where L=length after 100 hours, and L0 is length at the beginning. Samples with A of 30 or less are considered to “pass”, while samples with A greater than 30 are considered to fail.

In the following Examples, numbers in parenthesis are parts by weight. Water was deionized water, and the following abbreviations are used:

    • pbw=parts by weight
    • DDBS=23.40% Aqueous sodium dodecylbenzenesulfonate
    • MMA=methyl methacrylate
    • HEMA=2-hydroxyethyl methacrylate
    • HPMA=hydroxypropyl methacrylate
    • EA=Ethyl acrylate
    • aMS=a-Methylstyrene
    • ALMA=Allyl methacrylate
    • SFS=Sodium formaldehyadesulfoxylate
    • SPS=Sodium persulfate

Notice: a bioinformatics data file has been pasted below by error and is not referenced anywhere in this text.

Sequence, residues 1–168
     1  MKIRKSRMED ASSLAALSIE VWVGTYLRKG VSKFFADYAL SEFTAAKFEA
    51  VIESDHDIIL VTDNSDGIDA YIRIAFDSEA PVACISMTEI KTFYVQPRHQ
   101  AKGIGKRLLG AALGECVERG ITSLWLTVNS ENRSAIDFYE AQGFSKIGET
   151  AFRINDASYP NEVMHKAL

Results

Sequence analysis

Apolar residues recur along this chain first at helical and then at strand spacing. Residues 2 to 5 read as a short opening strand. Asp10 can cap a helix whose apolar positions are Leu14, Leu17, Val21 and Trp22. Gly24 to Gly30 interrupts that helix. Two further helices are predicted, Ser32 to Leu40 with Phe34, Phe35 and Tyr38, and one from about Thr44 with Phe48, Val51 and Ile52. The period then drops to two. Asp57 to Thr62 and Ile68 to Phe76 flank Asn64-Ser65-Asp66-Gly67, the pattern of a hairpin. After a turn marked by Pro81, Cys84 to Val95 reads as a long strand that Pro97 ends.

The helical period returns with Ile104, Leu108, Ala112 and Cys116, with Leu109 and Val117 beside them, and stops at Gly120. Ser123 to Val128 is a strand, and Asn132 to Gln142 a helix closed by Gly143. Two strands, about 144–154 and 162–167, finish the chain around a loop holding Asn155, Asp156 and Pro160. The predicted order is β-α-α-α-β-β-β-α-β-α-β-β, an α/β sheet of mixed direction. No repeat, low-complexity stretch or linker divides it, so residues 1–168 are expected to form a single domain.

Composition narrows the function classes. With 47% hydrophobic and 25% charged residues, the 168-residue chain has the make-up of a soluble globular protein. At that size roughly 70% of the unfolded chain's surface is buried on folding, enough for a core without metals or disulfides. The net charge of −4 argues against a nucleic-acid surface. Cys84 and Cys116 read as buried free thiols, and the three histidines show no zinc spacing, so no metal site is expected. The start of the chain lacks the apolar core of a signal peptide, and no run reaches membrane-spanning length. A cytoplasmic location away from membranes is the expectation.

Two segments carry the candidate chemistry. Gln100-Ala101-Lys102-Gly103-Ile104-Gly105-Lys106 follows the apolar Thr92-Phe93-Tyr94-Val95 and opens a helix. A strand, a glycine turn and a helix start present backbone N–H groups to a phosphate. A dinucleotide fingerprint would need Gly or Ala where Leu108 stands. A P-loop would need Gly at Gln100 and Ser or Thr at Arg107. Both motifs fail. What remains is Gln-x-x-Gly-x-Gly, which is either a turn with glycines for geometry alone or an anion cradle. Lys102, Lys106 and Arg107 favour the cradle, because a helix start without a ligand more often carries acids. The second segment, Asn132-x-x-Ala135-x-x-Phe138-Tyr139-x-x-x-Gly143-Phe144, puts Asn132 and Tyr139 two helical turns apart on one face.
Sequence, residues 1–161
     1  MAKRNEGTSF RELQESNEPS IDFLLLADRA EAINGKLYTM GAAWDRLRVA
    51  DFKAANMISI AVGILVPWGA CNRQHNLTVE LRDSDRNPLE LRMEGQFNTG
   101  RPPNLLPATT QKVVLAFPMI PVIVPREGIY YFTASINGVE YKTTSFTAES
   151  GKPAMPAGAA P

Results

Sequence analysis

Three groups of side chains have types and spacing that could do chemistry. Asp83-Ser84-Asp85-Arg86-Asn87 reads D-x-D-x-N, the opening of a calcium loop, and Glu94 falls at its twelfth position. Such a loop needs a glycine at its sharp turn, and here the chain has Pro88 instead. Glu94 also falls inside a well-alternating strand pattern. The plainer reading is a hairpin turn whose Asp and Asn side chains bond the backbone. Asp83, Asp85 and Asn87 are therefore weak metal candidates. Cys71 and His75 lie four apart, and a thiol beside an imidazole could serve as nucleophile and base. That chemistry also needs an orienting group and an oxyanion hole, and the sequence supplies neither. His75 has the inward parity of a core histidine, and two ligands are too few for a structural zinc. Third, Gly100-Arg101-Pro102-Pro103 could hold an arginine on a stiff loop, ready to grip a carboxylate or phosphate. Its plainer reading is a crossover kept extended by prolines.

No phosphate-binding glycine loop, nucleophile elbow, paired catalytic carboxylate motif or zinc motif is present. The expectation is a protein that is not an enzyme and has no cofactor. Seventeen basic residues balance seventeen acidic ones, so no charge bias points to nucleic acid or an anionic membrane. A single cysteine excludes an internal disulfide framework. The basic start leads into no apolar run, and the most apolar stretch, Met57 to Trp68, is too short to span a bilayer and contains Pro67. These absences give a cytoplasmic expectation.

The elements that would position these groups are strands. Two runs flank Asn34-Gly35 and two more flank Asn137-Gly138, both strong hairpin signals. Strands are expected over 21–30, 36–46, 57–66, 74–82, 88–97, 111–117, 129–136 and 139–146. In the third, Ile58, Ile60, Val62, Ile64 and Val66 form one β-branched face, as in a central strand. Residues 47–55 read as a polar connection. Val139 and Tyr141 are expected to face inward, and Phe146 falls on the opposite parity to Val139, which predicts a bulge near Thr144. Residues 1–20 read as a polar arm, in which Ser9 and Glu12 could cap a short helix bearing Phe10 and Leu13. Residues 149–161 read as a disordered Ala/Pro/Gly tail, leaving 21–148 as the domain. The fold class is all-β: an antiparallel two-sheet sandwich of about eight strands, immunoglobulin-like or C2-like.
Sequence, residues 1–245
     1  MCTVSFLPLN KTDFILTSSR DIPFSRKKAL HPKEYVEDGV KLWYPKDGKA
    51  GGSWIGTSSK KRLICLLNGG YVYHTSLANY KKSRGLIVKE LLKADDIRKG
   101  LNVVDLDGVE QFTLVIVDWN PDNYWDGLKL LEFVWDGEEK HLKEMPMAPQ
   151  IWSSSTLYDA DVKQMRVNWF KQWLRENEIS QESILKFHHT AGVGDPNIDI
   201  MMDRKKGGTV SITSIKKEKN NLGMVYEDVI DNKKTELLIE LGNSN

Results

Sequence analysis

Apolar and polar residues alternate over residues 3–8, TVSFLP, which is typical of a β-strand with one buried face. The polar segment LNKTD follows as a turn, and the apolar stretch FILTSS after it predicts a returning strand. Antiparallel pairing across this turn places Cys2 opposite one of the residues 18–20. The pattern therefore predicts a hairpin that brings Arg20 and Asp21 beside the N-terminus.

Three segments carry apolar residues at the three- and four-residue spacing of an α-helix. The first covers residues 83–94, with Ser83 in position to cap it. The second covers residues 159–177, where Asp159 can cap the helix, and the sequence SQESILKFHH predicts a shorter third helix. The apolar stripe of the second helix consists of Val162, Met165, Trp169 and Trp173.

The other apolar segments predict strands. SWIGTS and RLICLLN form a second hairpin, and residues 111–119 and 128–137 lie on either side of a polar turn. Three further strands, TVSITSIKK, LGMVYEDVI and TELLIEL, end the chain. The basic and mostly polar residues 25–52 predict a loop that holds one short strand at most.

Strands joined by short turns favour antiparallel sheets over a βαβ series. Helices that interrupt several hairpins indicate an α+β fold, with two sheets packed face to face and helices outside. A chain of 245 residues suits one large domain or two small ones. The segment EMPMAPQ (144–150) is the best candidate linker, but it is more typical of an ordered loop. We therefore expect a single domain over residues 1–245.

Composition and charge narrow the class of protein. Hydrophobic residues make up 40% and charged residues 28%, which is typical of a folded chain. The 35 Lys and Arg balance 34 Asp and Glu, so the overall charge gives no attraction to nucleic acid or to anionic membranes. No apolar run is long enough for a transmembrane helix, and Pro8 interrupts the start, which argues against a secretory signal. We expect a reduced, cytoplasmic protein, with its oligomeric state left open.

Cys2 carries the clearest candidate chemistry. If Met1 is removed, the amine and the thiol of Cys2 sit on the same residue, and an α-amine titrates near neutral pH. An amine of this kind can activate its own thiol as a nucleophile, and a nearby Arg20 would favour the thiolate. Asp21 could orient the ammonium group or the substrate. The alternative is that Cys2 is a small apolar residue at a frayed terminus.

• nDDT=n-Dodecanethiol
    • 1-SA=single-stage acrylic polymer
    • 2-SA=two-stage acrylic polymer
    • St.Wh.=stress whitening
    • LT=Luminous Transmittance
    • H=Haze

Example 1

Acrylic Polymer

Stage I

  • A Water (110.38); DDBS (5.87)
  • B EHA (2.40); EA (48.48); aMS (8.70); ALMA (0.4200); sodium carbonate (0.0152); DDBS (2.04); water (23.18);
  • C SFS (0.0060); water (2.04)
  • D SPS (0.0540); water (12.62)

Stage II

  • E MMA (33.60); HEMA (1.60); aMS (3.20); EA (1.60); sodium carbonate (0.0136); DDBS (1.36); water (12.45)
  • F SPS (0.0360); water (3.23)
  • G SPS (0.0180); water (3.27)